Purpose: This study describes the prevalence of fertility preservation (FP) knowledge, discussions, and engagement in a heterogeneous sample of Canadians diagnosed with cancer in young adulthood and tests the relationship of these variables with later post-traumatic growth (PTG). Methods: Data were taken from the Young Adults with Cancer in their Prime (YACPRIME) study, a national cross-sectional survey of Canadians diagnosed with cancer as young adults. This subanalysis included 463 individuals, ages 20–39 years (mean = 30.28, standard deviation = 4.68, 88% female), diagnosed after 2006. Participants self-reported demographics, responded to questions regarding their experience with FP, and completed the PTG inventory. Results: In total, 81% reported awareness of risk, 52% discussed FP, and 13% pursued FP. PTG was higher for those with knowledge of fertility risk [F (3, 455) = 3.26, p = 0.021], when controlling for sex and on treatment status, but did not differ between those who discussed FP versus not, or made arrangements versus not. Those who reported not engaging in FP because of their own choice [F(3, 402) = 5.98; p = 0.001] or their doctor’s recommendation not to delay treatment [F(3, 402) = 3.25; p = 0.022] reported significantly higher PTG, when controlling for sex and on-treatment status. Financial reasons, lack of knowledge about FP, and age were not related to PTG. Conclusions: This study demonstrates that FP discussions and uptake remain low, highlighting the need for continued education and efforts to improve access to intervention. Knowledge of risk, along with making the choice to prioritize treatment over FP, was related to higher PTG, suggesting informed decisions made early in treatment may support positive psychosocial outcomes.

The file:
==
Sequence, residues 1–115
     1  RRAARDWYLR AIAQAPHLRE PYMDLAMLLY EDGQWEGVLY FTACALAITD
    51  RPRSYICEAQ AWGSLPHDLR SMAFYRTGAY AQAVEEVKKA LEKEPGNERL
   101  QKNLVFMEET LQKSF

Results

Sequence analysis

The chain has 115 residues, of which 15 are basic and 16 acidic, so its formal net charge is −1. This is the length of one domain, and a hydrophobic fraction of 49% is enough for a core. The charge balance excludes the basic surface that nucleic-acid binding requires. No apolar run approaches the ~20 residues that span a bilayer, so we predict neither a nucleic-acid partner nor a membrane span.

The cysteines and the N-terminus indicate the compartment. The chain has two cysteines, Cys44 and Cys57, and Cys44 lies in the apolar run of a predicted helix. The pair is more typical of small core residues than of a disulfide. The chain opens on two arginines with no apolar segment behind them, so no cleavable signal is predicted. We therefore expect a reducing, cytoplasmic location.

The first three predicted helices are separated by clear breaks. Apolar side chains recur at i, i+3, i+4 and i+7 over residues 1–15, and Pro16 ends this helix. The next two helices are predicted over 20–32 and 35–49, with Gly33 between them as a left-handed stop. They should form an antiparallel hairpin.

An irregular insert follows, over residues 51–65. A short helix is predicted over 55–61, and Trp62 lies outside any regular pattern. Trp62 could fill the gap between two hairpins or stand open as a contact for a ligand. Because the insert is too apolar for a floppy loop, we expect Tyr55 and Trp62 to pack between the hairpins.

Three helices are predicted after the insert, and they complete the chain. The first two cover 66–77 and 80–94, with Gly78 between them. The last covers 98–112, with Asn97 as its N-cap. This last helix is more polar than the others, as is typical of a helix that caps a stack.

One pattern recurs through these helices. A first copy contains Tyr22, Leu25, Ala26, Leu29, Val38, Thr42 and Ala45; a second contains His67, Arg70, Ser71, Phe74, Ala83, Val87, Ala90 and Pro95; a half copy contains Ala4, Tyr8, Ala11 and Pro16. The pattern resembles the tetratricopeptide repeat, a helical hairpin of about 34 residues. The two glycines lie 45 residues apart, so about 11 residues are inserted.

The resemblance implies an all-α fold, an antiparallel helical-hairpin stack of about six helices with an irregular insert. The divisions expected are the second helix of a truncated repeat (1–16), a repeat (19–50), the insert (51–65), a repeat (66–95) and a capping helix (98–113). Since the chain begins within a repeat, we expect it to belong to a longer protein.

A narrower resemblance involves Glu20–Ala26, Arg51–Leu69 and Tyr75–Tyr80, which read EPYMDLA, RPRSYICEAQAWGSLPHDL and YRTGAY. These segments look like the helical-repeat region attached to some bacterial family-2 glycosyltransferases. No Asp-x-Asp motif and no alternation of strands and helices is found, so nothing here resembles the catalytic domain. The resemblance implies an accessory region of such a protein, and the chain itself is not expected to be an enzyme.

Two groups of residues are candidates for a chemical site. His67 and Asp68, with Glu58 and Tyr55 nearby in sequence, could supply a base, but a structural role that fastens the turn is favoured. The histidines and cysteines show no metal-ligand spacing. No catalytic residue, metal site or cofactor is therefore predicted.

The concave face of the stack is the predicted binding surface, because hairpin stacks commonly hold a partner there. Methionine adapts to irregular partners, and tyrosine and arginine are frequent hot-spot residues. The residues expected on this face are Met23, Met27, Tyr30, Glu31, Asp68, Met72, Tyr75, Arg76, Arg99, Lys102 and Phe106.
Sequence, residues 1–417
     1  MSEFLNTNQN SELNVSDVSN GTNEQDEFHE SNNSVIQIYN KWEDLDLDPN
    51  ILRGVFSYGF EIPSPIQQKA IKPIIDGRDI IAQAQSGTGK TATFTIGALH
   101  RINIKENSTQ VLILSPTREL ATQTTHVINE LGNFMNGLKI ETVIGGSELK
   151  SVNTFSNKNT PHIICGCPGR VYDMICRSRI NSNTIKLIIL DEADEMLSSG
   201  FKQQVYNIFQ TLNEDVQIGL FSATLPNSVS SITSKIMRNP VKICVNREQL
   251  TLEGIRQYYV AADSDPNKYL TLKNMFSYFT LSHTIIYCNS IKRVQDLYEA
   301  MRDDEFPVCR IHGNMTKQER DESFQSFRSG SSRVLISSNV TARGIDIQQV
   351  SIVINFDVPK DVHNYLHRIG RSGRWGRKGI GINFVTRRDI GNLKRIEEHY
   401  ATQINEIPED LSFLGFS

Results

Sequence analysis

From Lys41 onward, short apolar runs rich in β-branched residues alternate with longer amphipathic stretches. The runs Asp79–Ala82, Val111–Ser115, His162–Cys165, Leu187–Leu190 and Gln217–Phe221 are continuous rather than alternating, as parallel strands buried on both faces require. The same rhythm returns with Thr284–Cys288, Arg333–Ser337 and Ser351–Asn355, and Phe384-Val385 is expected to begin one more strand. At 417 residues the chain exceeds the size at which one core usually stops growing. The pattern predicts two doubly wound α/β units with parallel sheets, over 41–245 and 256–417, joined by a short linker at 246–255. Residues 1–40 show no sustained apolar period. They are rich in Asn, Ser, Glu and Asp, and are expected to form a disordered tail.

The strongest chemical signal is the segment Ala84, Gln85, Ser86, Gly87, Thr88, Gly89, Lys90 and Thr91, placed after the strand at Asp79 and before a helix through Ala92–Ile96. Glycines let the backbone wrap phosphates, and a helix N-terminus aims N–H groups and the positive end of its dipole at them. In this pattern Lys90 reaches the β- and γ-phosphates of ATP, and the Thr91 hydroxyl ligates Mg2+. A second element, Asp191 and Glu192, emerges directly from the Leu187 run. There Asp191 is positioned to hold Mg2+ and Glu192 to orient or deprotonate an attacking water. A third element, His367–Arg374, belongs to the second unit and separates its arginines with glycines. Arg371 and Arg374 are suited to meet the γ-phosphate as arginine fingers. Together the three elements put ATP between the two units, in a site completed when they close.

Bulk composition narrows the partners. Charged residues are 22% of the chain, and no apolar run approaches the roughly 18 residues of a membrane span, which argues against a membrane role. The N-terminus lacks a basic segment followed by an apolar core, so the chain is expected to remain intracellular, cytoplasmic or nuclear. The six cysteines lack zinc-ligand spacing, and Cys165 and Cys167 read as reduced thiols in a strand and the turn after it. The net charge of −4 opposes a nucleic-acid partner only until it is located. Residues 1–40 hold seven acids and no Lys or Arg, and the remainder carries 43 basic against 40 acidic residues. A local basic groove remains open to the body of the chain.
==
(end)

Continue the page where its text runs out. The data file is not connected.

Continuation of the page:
ASJC Scopus subject areas
- Pediatrics, Perinatology, and Child Health
- Fertility preservation
- Post-traumatic growth
- Psychosocial outcomes